Thursday, January 22, 2009
All too soon it was time to leave Scotland. Being here has reminded us of much that we value about being Scottish. We are not alone in this. In the last Canadian census 4.2 million described their ethnic group as Scottish. Australians claiming Scottish Heritage trebled between the 2001 and 2006 censuses. (probably including a few McLarens and the odd MacSantich)
The bid document for the 2014 Commonwealth games in Glasgow was titled "People, Place and Passion" and that more or less sums up what Scotland means to me. So in no particular order, my top 5 things I appreciate about Scotland.
Number 1 - Our heritage of faith. From Columba and Ninian to John Knox and the reformers, the Covenanters, the Edinburgh Missions Conferece, Mary Slessor and David Livingston, the Hebridean revivals and a host of other people and events the threads of faith have woven through the fabric of Scottish life through history and over the world. The Highland Tolbooth is my favourite spire, the highest point in the city of Edinburgh and visible for miles it is no longer a church which grieves me but it is still aspirational and inspirational.
Number 2 - The Light. Scotland has an extraordinary quality of light. In the winter it hardly gets light and in the summer it hardly gets dark. Perhaps one extreme makes you appreciate the other more. The light and the water, the water and the land - it is not just the landscape but the way it is illuminated that enhances the beauty of the scenery.
Number 3 - Our ingenuity. Graeme Obree broke cycling world records through innovative riding positions, thoughtful engineering adjustments and some bearings from his washing machine. This is in a fine heritage of Scottish invention that includes the steam engine gas lighting, the modern tyre, the bicycle, rain jacket, chloroform, television, telephone and radar. It may be the long winter nights made necessity the mother of invention. It may also partly explain the number 8 wire mentality in New Zealand.
Number 4 - Our history. There is a great line at the end of "Braveheart" where the narrator says "They fought like warrior poets, they fought like Scotsmen!".I guess the concept comes from David, King of Israel and writer of Psalms. The warrior and the poet are both part of our character. We have gone into battle against machine guns playing the bagpipes. Walking through the Scottish War museum and thinking about the thin red line, the right of the line, the Highland Division and the Scottish regiments, names and events etched in history. Walking through the Scottish Sports Hall of Fame in the Museum of Scotland; Eric Liddle, Kenny Dalglish, Andy Irvine, Alan Wells names which inspired me as a child and now Chris Hoy and others for a new generation. Someone once said of supporting Scotland "It's not the despair I can't stand, it's the hope". All I can say is that it has been excellent preparation for supporting the Hurricanes. Walking the cobbled streets, thinking of all those who have tread this way before, working folk, musicians, writers leaders, wearing the stone away with the slow erosion of daily ritual. There is something special about being surrounded by this and being a part of this.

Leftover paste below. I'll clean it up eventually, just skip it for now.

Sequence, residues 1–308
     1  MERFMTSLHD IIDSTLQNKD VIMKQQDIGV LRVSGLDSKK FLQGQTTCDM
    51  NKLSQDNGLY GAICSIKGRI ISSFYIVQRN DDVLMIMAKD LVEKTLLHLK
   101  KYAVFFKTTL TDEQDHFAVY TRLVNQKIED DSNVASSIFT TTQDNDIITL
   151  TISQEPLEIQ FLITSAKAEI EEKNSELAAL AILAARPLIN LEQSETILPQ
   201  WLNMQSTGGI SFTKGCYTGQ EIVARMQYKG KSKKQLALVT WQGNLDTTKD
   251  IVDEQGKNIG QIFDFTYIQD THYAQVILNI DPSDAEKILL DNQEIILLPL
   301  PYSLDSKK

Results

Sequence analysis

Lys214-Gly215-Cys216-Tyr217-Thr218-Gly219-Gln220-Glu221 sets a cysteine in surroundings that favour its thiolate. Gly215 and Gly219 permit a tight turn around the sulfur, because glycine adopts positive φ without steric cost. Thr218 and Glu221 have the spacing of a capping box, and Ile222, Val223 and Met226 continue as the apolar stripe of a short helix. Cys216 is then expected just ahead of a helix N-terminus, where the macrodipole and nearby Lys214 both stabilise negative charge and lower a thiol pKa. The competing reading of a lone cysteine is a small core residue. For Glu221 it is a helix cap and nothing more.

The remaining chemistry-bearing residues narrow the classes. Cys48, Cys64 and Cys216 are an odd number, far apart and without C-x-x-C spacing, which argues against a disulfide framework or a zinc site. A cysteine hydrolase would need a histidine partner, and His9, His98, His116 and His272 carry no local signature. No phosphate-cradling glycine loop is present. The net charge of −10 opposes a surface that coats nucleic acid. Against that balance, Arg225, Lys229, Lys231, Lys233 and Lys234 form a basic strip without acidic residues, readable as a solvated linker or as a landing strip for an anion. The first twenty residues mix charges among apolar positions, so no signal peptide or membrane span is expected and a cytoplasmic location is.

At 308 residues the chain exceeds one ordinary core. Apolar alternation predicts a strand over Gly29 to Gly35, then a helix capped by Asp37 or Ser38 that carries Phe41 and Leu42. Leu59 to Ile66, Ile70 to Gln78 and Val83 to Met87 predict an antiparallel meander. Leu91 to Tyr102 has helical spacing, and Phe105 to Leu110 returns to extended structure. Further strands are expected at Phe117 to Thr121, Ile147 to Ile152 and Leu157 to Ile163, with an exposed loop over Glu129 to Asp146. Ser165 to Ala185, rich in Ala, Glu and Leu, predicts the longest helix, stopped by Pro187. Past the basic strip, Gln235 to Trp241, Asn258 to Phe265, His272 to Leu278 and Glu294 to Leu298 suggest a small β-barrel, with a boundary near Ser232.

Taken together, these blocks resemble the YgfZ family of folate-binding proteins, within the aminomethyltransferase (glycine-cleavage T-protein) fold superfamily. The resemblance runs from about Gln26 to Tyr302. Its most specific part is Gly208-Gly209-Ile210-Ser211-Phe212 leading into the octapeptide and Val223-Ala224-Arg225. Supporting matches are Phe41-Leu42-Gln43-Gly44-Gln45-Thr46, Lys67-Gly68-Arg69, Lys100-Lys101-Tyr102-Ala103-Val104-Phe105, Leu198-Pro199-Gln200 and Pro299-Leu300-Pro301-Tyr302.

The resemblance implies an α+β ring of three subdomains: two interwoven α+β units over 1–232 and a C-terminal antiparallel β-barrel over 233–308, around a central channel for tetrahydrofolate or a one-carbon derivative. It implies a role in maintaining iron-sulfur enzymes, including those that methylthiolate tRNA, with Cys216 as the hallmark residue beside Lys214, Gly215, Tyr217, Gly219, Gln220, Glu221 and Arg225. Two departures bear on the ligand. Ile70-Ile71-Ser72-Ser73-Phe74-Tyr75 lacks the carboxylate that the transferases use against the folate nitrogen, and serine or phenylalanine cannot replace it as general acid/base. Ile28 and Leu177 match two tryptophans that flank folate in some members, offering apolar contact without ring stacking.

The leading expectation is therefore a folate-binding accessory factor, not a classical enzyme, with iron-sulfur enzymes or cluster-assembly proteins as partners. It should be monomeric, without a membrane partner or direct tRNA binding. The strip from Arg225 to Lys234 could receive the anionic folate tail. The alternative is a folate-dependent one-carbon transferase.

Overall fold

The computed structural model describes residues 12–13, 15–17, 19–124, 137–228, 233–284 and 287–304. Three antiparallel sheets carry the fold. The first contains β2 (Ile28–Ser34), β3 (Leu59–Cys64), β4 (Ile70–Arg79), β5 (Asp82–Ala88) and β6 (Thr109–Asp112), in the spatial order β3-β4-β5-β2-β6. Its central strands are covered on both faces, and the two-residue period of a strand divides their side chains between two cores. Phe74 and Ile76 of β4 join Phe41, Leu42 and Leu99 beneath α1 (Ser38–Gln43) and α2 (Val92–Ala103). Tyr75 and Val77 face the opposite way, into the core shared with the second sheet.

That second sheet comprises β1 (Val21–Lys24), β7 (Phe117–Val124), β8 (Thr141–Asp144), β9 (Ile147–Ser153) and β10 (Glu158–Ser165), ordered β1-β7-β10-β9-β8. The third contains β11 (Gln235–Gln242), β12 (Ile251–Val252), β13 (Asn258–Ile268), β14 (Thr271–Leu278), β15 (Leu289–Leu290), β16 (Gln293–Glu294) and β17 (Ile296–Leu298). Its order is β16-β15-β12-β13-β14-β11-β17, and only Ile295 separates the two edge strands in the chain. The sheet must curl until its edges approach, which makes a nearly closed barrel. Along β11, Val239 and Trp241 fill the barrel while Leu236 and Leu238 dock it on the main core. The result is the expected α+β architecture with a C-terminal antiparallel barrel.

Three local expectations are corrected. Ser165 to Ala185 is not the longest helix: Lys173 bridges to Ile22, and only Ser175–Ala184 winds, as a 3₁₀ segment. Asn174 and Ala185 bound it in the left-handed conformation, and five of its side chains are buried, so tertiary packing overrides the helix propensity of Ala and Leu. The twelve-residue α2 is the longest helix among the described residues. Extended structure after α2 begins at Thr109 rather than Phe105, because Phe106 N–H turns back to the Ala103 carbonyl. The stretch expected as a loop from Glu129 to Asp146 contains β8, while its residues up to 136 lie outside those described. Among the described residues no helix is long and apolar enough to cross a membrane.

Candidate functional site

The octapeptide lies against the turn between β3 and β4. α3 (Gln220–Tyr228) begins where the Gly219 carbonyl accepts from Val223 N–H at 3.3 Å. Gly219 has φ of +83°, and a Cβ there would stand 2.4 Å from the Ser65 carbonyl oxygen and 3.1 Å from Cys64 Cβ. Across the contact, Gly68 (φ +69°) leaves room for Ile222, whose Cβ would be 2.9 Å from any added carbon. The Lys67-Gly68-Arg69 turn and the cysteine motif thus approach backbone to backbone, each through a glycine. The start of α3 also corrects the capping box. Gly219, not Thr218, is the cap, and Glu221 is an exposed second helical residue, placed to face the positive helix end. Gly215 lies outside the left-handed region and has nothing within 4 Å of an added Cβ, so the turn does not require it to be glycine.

Number 5 - Our neighbours. They do make me smile. In general English comedians leave me a little cold but we watched Michael McIntyre over the holidays and parts of it were very funny indeed.
In leaving Scotland we are profoundly thankful for all our friends and family, a gratitude for our dual identity as Scots and Kiwis and some great memories. Leaving was not easy. There is much that pulls our hearts. Unlike many of our country folk we did not leave Scotland to seek a better life, we moved in response to a call. Caledonia is a special place and we continue to have a vision for our nation in the north.
The boys have coped amazingly well with being in Scotland and it seemed a little strange just being the 5 of us again. We flew to London and then on to Los Angeles.
While we were filling in the paper work for our rental car at LAX, Marcia (the service assistant at Alamo) was interrupted by a man coming in to the facility. The conversation went like this:
Man: "Have you any free cars?"
Man: "You have no free cars at all?"
Marcia: "Definitely not!"
Man: "So you have absolutely nothing available"
Marcia: "We have cars available"
Man: "You said you had nothing free"
Marcia: "We have cars available but they are not free, you have to pay for them"
Man decides to get in line.
Obviously a little linguistic misunderstanding, a bit of cultural disconnect. But it did make me wonder how often people come into the Car Rental Centre and just ask if they can borrow one. I may try it myself next time.
As well as her name tag Marcia was wearing a badge saying "Let me make your day"
She certainly made mine. You can't make this stuff up.
But one of the strangest things about travelling is that you keep bumping into people and things that remind you of people that you know from other contexts.
And yes. If you were wondering the picture of Stephen was taken a couple of weeks before we encountered Jiminy Cricket.
Just before we left Scotland Sheila Johnston left too. She was a woman who lived with Hope. (that being the name of her husband) and coninued to live with hope after his death. They were a couple who welcomed me when I first went to Davidsons Mains almost 30 years ago and she was a lively old lady with a great sense of humour who will be missed. We were glad to see her on Christmas day on one of her last outings. She walked in that heritage of faith mentioned above.